There are now 400 trees in France bearing label of ‘Arbre Remarquable’.
“These are trees that are either very old, very big, or have a legend or story behind them,” said Professor Georges Feterman, president of the Arbres Remarquables association. “My other criteria is the ‘coup de coeur’.”
Most recently, the association awarded labels to two trees in the Hautes-Pyrénées: one with 80 trunks, and a ‘very beautiful’ cedar imported from Lebanon.
Trees given this special label are nominated by correspondents all over France, and then chosen by a team of five experts.
“We get at least 12 nominations every day, not all of them interesting,” said Prof Feterman, an author and professor of natural sciences at Paris Diderot University. “Many of them are beautiful, but there are millions of beautiful trees in France, so they must have a special character. However, we don’t have absolute rules.”
The remarkable tree label was invented by plant physiologist Robert Bourdu in 2000, who set up the association with Prof Feterman and horticultural engineer Yves-Marie Allain in 1994.
Their goal was to highlight the importance of these special trees to the people living in their surroundings, and also to protect the cultural and natural heritage that the trees represent.
“The label protects the tree in a moral rather than administrative sense, and this works well,” said Prof Feterman.
When the label is awarded to a commune, local authority, public or private establishment, an agreement is signed with Arbres Remarquables to ensure that the tree will be properly protected and maintained.
The association also assists those trying to protect trees from disease or urban development.
Prof Feterman has written several books on remarkable trees in France, including ‘Les 500 plus beaux arbres de France’, published in 2012.
Here, we take a look at four of the most remarkable trees in France.
Free trees for Paris gardens
Parisians who want to try growing their own ‘remarkable’ trees can apply for up to five free specimens from the Mairie de Paris, thanks to a new scheme called Un arbre dans mon jardin (A tree in my garden). To obtain them, a homeowner or a syndic (committee representative) from a copropriété building where communal areas are under shared ownership, must sign a charter committing to not use pesticides, and to watch out for diseases. The number of trees granted depends on the garden space available.
Species available include maples, elms, apple and flowering pear trees. The Mairie’s urban services will come and plant them. See paris.fr.arbres for details.
Alpes-Maritimes olive is the oldest tree in France
At 2,000 years of age, an olive tree
in Roquebrune-Cap-Martin, in Provence-Alpes-Côte d’Azur, holds the title of the oldest tree in France.
With its multiple trunks, the tree has a circumference of 23.5 metres.
At the start of the 20th century,
the owners of the land where the
tree stands decided to cut it down. However, historian and minister Gabriel Hanotaux bought the parcel of land to save the tree.
“What makes one tree live longer than another is a combination of the species, and people’s decisions – and these are cultural,” said Prof Feterman.
Despite its grand old age, the olivier is still producing small black olives of the ‘pichoulina’ (in Provençal) variety.
15th century Jura lime marks Habsburg marriage
One of the oldest lime trees in France was planted in the 15th century to commemorate an historical marriage.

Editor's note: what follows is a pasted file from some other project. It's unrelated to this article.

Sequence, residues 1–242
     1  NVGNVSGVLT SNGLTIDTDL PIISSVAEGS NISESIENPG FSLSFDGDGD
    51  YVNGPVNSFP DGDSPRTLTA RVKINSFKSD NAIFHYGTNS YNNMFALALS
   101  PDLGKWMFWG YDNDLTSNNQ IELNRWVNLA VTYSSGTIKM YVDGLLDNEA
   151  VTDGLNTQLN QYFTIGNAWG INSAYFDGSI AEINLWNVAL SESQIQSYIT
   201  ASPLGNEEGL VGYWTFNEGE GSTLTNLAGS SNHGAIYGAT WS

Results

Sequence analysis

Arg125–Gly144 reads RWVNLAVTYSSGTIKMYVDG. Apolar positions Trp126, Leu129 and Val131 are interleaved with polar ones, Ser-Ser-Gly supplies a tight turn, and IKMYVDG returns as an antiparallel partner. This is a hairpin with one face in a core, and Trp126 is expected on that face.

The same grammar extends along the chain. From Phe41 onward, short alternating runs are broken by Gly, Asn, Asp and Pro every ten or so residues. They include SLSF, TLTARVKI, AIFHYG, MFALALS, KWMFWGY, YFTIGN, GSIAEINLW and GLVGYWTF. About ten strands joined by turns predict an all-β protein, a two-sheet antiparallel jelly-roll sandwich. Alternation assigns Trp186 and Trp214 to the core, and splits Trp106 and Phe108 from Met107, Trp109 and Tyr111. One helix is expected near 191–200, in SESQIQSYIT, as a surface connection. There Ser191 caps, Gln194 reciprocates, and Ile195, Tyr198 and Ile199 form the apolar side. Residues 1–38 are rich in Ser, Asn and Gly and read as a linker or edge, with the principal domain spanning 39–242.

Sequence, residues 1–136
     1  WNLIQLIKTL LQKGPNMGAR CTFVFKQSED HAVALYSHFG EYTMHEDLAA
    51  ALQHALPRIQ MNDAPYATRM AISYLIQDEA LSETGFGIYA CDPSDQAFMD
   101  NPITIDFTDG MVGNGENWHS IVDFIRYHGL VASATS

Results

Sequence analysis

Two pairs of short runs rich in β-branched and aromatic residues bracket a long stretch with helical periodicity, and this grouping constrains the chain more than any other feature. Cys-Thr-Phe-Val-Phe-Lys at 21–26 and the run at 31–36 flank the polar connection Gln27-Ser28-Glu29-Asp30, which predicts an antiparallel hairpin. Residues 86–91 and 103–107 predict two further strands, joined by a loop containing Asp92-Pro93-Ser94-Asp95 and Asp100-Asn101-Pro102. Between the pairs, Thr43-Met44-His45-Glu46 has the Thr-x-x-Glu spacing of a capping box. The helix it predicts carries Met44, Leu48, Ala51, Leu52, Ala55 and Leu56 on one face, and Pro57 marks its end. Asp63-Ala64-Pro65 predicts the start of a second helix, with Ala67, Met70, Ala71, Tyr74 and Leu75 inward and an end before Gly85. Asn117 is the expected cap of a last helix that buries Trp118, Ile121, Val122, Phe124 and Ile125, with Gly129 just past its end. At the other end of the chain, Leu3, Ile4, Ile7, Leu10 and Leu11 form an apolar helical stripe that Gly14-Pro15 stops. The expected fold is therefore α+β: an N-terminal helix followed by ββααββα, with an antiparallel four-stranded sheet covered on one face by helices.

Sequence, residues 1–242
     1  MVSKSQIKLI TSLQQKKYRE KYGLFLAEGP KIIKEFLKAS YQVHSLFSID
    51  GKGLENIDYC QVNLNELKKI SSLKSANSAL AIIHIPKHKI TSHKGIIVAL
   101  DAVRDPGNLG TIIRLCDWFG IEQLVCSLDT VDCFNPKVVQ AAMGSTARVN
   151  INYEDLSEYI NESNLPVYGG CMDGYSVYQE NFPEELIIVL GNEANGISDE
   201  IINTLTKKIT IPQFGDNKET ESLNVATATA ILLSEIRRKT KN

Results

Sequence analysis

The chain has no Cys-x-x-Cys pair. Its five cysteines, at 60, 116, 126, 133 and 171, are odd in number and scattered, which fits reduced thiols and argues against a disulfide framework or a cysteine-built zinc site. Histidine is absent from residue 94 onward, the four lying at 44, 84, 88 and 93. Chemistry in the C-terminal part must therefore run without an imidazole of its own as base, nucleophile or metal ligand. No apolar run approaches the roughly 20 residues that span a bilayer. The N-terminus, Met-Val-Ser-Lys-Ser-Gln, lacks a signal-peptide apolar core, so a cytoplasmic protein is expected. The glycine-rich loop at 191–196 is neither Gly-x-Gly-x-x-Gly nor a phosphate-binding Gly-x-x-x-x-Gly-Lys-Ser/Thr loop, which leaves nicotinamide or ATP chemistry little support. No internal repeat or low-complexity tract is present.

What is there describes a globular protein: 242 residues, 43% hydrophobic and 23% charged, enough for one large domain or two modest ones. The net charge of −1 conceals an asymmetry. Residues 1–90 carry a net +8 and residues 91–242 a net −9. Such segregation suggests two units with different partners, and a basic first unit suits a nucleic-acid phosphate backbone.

The huge tree, measuring 15 metres in circumference, was planted in the village of Bracon, Jura to mark the marriage of Marie de Bourgogne to Maximilian I of the House of Habsburg in Austria.
Although the tree symbolised unity between Burgundy – which was not yet part of France – and Austria, in fact the marriage in 1477 launched years of territorial struggles between France and the house of Habsburg.
Born in Brussels, Marie de Bourgogne had inherited Burgundy at the age of 19 when her father ‘Charles the Bold’ was killed in battle at Nancy.
Hautes-Pyrénées giant cedar has 80 trunks
A giant cedar with 80 trunks is one of the most recent recipients of the ‘remarkable tree’ label.
The impressive giant cedar, which seems more like a forest than a single tree, is located in Siradan in the Hautes-Pyrénées.
Prof Feterman explained that trees develop with multiple trunks due to ‘layering’: a process where huge branches take root and give rise to new trunks. Later, they may separate from the parent tree.
Layering occurs naturally, and is also a technique used to propagate desirable species.
Hollow Normandy oak is also a hallowed chapel
This amazing oak in Allouville-Bellefosse, Seine-Maritime, is the most famous tree in France.
At least 1,000 years old, 15 metres high, and 16 metres in circumference, it hosts two chapels inside its giant trunk: Notre Dame de la Paix, and the Chambre de L’Ermite.
The chapels are reached by an attractive spiral staircase that has become a favourite spot for taking wedding photos, although Prof Feterman said the chapels are too small to host the actual weddings.
When the tree was around 500 years old, it was struck by lightning, and the resulting fire hollowed out the trunk. The local priest and abbot were convinced this was an act of God, so they built a place of pilgrimage in the hollow. Later on, the upstairs chapel and external staircase were added.
During the French Revolution,
the tree came under threat for being
a symbol of religion, and a sign was nailed to it declaring it a ‘Temple of Reason’. Such ‘temples’ were dedicated to atheism and humanism, and were supposed to spread the ideals of the Revolution, summarised in the motto of ‘Liberté, égalité, fraternité.’
Nowadays, however, a mass is held at the oak twice a year, and it is also the site of an annual pilgrimage on August 15, the date of the Catholic festival of the Assumption.